Piggy-backing on the analysis I did a few weeks back related to Kirk Goldsberry’s ShotScore statistic, I wanted to see what SportVU could tell us about the Cavs’ early shooting woes. This new data offers all kinds of new avenues for analysis, so I wanted to see what the average fan – and even statistically-oriented me – might be missing from just the typical box score data.
SportVU shows three new shooting statistics:
Drives – “Any touch that starts at least 20 feet of the hoop and is dribbled within 10 feet of the hoop and excludes fast breaks. Measures the total number of drives as well as the points, assists and shooting percentages on drives to the basket.” (Unfortunately, this data on SportVU did not have total field goal attempt numbers, so this was not included for my analysis today.)
Catch and Shoot – “Any jump shot outside of 10 feet where a player possessed the ball for 2 seconds or less and took no dribbles.”
Pull Up Shots – “Any jump shot outside 10 feet where a player took 1 or more dribbles before shooting.”
So my intention was to analyze available SportVU data on a wide lens, providing much-needed context for the new numbers and then looking at the struggling Cavaliers. This took a tremendous amount of data mining since the SportVU data isn’t terribly well organized by team on the stats site. Nonetheless, I persevered and the chart below shows NBA-wide shooting data through games played on Monday, Nov. 11:
Some of these numbers might be surprising, some might not. Again, it’s a fairly limited sample size of just 10,256 NBA team minutes and 17,548 field goal attempts over a two-week span. By the end of one or two seasons, this chart will really portray a more accurate distribution of NBA shooting.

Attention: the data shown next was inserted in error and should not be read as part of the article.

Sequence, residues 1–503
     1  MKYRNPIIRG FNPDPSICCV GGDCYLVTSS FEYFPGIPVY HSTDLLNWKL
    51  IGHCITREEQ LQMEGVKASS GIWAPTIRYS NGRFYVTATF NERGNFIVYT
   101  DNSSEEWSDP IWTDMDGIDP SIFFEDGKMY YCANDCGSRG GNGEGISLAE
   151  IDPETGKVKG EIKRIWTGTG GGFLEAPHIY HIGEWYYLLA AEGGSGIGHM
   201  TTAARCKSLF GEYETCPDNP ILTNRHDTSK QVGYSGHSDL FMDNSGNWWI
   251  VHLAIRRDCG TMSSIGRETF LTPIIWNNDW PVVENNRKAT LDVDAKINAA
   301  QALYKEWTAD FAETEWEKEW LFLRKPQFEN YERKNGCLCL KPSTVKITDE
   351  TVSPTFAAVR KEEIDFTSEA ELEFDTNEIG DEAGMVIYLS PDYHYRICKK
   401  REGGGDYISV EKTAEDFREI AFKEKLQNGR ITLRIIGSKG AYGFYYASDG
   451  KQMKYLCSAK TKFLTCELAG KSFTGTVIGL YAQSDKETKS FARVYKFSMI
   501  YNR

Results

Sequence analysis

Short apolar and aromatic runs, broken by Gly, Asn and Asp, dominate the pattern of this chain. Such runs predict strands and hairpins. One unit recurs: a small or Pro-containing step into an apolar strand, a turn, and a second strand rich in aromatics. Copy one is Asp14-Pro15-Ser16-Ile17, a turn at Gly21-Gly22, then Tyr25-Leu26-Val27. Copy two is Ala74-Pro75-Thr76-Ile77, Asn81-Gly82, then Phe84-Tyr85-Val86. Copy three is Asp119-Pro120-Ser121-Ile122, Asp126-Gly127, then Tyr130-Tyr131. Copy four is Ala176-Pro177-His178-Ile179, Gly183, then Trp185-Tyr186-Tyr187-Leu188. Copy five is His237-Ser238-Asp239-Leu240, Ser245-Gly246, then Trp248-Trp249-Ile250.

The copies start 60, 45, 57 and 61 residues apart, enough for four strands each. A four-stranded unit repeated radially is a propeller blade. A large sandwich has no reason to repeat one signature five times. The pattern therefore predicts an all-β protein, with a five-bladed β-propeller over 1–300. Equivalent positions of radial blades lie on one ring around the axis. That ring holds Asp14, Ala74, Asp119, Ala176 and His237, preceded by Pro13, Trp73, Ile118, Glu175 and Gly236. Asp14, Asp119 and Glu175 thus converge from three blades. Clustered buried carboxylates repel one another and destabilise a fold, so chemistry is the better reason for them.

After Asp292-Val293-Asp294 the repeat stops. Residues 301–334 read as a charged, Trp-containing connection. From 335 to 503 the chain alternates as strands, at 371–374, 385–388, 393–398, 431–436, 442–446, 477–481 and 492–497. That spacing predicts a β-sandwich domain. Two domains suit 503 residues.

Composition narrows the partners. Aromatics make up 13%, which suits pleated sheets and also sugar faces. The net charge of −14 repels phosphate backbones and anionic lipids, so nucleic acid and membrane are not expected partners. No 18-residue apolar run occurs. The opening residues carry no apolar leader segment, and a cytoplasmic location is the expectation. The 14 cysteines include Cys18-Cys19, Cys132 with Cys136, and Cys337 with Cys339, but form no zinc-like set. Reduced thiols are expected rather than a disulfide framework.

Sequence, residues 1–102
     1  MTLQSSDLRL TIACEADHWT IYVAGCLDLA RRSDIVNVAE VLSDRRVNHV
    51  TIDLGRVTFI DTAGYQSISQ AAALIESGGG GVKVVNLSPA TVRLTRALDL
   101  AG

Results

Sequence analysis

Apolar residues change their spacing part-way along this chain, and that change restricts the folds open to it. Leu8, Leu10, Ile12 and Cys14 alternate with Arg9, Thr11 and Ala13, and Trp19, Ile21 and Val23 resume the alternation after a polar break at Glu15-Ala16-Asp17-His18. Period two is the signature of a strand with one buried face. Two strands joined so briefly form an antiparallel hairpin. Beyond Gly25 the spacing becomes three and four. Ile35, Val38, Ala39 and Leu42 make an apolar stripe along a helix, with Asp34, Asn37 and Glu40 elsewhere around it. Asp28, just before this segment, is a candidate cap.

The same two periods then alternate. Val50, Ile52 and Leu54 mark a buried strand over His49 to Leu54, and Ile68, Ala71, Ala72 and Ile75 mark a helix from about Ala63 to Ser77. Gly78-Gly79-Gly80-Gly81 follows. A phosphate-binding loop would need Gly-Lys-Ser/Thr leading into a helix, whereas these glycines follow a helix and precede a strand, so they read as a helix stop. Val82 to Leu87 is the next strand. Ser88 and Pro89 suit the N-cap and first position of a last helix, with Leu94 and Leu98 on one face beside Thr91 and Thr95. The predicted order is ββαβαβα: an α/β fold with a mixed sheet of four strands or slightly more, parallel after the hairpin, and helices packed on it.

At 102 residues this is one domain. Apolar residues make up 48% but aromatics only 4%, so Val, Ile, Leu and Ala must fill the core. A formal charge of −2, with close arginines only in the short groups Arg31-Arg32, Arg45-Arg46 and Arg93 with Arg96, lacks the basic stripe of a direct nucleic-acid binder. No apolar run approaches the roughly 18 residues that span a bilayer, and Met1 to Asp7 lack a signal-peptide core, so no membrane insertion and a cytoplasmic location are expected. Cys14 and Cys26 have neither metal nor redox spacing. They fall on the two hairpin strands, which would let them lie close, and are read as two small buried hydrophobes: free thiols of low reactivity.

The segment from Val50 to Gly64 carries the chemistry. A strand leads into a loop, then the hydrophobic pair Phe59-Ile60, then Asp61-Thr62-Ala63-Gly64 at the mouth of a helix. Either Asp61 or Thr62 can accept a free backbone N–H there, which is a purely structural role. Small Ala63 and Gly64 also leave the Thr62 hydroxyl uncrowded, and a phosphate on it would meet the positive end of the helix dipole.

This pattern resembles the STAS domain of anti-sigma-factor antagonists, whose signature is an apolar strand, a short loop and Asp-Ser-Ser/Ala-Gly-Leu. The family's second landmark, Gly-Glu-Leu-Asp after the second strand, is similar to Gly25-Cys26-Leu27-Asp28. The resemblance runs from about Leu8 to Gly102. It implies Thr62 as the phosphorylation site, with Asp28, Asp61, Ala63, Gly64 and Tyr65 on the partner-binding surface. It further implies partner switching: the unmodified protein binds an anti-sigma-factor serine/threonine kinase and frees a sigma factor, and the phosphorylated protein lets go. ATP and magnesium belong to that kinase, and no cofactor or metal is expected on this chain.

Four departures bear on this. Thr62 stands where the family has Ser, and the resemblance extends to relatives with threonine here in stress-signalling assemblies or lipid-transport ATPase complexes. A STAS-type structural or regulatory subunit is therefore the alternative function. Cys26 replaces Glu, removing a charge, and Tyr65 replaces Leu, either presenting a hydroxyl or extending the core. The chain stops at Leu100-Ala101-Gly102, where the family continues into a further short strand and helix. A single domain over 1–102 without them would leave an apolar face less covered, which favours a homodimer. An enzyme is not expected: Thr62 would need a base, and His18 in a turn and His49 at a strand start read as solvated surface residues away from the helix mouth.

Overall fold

It’s still kind of fascinating to see that pull-up field goal attempts are (as expected) very inefficient. And that catch-and-shoots are 75% of three-point field goal attempts. Those were my first two clear observations. Now, with this context in hand, it’s time for the team-by-team data.
The data about the Cavs shouldn’t be too surprising. They are one of just six teams to be below average in all three shooting types: pull-ups, catch-and-shoot and others. The other five teams are Charlotte, Memphis, Minnesota, Sacramento and Utah. Perhaps by nature of employing shoot-first guards like Kyrie Irving, Jarrett Jack and Dion Waiters, the Cavs have one of the higher pull-up shot attempt percentages in the league. They rank fourth with 35.3% of their field goal attempts coming in the least-efficient variety. That alone doesn’t necessarily mean the Cavs are destined to be a poor offensive team. Heck, two of the three most pull-up happy teams in the league are the Golden State Warriors and Los Angeles Clippers, both off to hot starts. The issue for the Cavs is they aren’t shooting well from this type or any other type. Let’s go now to the Cavs player-by-player data for even more new analysis:
The Cavaliers chart above is sorted by field goal attempts thus far in the 2013-14 season. Begrudgingly, you see a lot of red (i.e. below average) numbers on the chart. Only three players have above-average efficiency field goal percentages overall thus far: CJ Miles, Anderson Varejao and Alonzo Gee.
Kyrie Irving’s struggles have been pointed out a lot in terms of the team’s slow start. It’s fascinating to see how he’s succeeded in pull-ups (over half of his attempts), but not in other field goal types. Perhaps he’s struggling with the adjustment to being an off-ball player. That could happen with the addition of the next guy.
Jarrett Jack, meanwhile, has had the opposite shooting data than Irving: He’s been terrible with pull-ups, which constitute more than three-quarters of his attempts. He has just 32 points on 56 pull-ups, yet has 32 points on his 16 other attempts in the other two types.
Other noteworthy items are the success of CJ Miles and Dion Waiters in catch-and-shoot attempts. These are the players that should be shooting well here, so that’s great to see for the team. An issue of course, is Andrew Bynum’s efficiency in post-ups, not a defined type, but something we likely see in the others category.
Again, this is all new data at our fingertips. Being able to scientifically track every movement and moment on the basketball court provides a smorgasbord of data for folks like me and the executives in NBA front offices. It’ll be fascinating to see how these ratios change throughout the season and how the complete availability of these numbers might be a factor in that change.